Thoroughbred racing is regulated by the California Horse Racing Board (CHRB), which oversees all aspects of horse racing, licensing, and wagering. Established in 1933 and now part of the Business, Consumer Services, and Housing Agency, the CHRB acts to ensure the integrity, viability, and safety of horse racing in the state. Board members, appointed by the governor of California, are drawn from leaders in business, public service, horse racing, and veterinary care to bring their expertise to bear on the racing industry.
The CHRB protects animal welfare and fosters safer horse racing by developing and enforcing safety standards and regulations for all racing participants. CHRB investigators are sworn police officers whose duties include patrolling the stable areas at all California racetracks and authorized training facilities. CHRB regulations include a specific animal welfare provision, and the CHRB will prosecute any case of abuse, cruelty, neglect, and mistreatment. The CHRB cooperates with other law enforcement and state investigative agencies.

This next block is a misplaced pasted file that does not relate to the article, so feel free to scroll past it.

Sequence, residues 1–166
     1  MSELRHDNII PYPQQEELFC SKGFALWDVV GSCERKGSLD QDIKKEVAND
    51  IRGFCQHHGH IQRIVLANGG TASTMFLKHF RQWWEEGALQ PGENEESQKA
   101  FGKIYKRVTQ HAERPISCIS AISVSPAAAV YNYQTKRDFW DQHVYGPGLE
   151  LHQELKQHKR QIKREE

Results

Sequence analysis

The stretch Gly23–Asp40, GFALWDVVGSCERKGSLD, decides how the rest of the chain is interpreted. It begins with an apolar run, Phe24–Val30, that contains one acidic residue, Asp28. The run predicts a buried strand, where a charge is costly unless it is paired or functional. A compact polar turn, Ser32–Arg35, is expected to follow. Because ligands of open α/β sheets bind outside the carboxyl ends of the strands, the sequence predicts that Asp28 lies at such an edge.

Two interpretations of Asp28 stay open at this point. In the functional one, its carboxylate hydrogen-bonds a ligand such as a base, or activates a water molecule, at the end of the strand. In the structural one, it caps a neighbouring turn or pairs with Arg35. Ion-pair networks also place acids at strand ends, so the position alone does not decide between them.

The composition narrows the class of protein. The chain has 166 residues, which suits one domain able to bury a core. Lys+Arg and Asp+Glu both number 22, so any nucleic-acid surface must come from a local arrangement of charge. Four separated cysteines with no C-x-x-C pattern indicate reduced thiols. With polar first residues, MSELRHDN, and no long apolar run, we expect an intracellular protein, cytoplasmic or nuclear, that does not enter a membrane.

As of June 26, 2019, with the signing of legislative bill SB-469 into law, the CHRB is empowered to take immediate action to cancel or move a race meet if the safety of horses or riders is deemed at risk.
Del Mar, Golden Gate Fields, Los Alamitos, and Santa Anita Park racetracks are accredited by the NTRA Safety & Integrity Alliance, a national initiative to ensure best practices and standards throughout racing facilities in the US and Canada. NTRA accreditation covers six areas of concern: Injury prevention and reporting; the safety of racing and training environments; uniform medication, testing, and penalties; the safety and health of jockeys; aftercare for retired racehorses; and wagering security. Racetracks must undergo an on-site inspection for initial accreditation and re-accreditation every three years.